Monday, 9 May 2011

Anti-Natalism and Politics

What political position, if any, should anti-natalists adopt? Is there any ideology that dovetails with the anti-natalist position? Given that the best of anti-natalism comes from a desire to reduce human suffering what form of government best facilitates that aim?


In ‘Better Never To Have Been’ David Benatar expresses his own uncertainties concerning the issue. On the one hand, he speculates that introducing sterilising chemicals into the public water supply would be the only way to put an end to procreation, yet also admits that such a manoeuvre would go against deeply felt moral intuitions concerning individual rights and the ownership of one’s body.


Is it morally defensible to violate an individual’s rights in order to serve the greater good? Especially when, as with anti-natalism, the conception of the greater good (non-procreation) is held by a tiny minority and abhorred by the majority.


The Chinese one-child only policy is probably only enforceable due to the lack of any independent civil society in that country. If such a civil society were to emerge, one could bet that the restriction on procreation would be one of the first laws to be challenged.


On a broader level, given that apart from the structurally necessary miseries of existence, humans have contrived a world where inequality reigns, 25,000 people die of hunger every day, political power is the preserve of the few, violence dominates and so on, should the anti-natalist take a stand or should he throw his hands up and say “So it goes, always has gone, and always will”?


I really have no idea.

6 comments:

  1. You want my honest opinion? I think the only ideology that is compatible with antinatalism is an anarchistic world view. I find myself more closely aligned with the liberty minded individuals such as Lew Rockwell, Aaron Russo (he's no longer trapped in the bio matrix), and Ron Paul. Although they more than likely adhere to something more akin to the Libertarian school of thought (less government; more individual freedom), they still seem to think that imposition on others is necessary to some degree. I mean, c'mon, Ron Paul was a freakin' OBGYN for goodness sake! *shudders* It seems to me that most people who call themselves individualists still fail when it comes to taking that final, logical, and ultimately respectful step toward eliminating the imposition that leads to all problems. You know, birth. Let's face it, making a new life is not an individual endeavor; so it cannot be attributed any status as an individual right. Nor is it part and parcel of the pursuit of one's own life, liberty, and property. It absolutely entails forcing others to fight your battles for you (weaklings, cowards...), stamping out the will of those who are already caged inside of this bio matrix by subjecting them to those unknown new persons, and it entirely precludes even the possibility of obtaining consent from the victim that came as a result of two living things coupling. If I had the ability to instantly sterilize every damned living thing in the universe... I'd do it in a heartbeat!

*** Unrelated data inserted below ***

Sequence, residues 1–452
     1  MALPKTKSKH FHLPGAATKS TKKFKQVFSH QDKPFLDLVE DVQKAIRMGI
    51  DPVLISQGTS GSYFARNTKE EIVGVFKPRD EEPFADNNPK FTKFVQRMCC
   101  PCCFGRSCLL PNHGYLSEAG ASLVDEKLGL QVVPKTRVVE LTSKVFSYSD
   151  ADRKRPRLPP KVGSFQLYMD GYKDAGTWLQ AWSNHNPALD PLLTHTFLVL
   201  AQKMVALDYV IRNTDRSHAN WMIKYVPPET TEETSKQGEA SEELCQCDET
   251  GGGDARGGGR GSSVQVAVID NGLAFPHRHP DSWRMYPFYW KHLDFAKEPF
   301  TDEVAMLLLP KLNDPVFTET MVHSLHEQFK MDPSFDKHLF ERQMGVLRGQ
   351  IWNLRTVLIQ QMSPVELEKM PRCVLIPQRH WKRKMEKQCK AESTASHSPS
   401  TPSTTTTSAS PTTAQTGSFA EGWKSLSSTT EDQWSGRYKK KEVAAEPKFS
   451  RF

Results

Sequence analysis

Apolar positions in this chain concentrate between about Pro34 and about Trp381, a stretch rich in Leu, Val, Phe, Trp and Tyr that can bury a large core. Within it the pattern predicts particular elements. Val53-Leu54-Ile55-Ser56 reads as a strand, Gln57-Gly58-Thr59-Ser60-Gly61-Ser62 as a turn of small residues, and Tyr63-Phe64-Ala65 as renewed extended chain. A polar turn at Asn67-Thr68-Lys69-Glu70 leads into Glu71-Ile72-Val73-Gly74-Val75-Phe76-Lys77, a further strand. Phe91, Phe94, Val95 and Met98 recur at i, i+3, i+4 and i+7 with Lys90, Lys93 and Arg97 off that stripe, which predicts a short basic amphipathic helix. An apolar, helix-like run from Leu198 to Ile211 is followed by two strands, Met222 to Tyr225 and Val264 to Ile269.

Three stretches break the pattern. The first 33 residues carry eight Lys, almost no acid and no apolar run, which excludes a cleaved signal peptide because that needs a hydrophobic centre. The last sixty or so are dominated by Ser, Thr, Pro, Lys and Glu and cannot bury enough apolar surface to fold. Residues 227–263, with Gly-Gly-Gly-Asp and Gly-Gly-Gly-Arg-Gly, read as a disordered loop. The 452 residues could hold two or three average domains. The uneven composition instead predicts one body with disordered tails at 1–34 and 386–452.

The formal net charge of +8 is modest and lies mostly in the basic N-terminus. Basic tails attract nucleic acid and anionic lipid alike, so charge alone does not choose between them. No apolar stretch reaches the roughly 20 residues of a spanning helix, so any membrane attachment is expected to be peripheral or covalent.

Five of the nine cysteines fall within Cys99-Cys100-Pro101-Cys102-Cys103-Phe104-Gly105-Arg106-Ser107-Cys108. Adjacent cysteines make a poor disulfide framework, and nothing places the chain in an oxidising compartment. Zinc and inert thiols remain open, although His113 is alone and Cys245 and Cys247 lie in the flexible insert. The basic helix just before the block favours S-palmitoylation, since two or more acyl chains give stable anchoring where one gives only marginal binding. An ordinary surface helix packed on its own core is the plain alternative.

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  2. Great comment, Garrett. Thanks as always. Yeah, I was reflecting on Libertarians and was wondering if they would say that a reproductive right is intrinsic to the female, as she is choosing to manipulate her body voluntarily and if anyone can be deemed to be the owner of her organs, it is her. On the other hand, given that her manipulation of her body leads to a person or proto-person subject to all the usual jeopardies of existence, does the state have a right to intervene?
    And then there are some Libertarians who claim that parents have no moral duty to consider the welfare of their offspring as this contravenes their own rights! The ultimate in arseholology, if you ask me.
    Of course, imposing sterilization implies massive state control, but then again no state is likely to come into being that conceived the greatest good in terms of non-existence.
    So I agree with you that if I had the red button, I'd press it, but given that happy eventuality is unlikely to materialise, I guess attemtping to spread the word is the only way forward.

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  3. Great post, makes us wonder. I was going to comment here, but the comment got so long, and then I just post it on my blog, as a blogpost.

    I will now link your blog there!

    thanks man!

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  4. My friend Shadow has an excellent reply piece to this post over on his wonderful blog:

    http://antinatalismo.blogspot.com/

    Anyone interested in the kind of topics discussed here should check it out.

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  5. "On a broader level, given that apart from the structurally necessary miseries of existence, humans have contrived a world where inequality reigns, 25,000 people die of hunger every day, political power is the preserve of the few, violence dominates and so on, should the anti-natalist take a stand or should he throw his hands up and say “So it goes, always has gone, and always will”?"

    I plan on suicide. Reducing my misery is the best I can do.

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    Replies
    1. Christoph, I don't know if you are still reading this, but please contact the suicide prevention lifeline if you are having suicidal thoughts: 1-800-273-TALK or 1-800-273-8255. http://www.suicidepreventionlifeline.org

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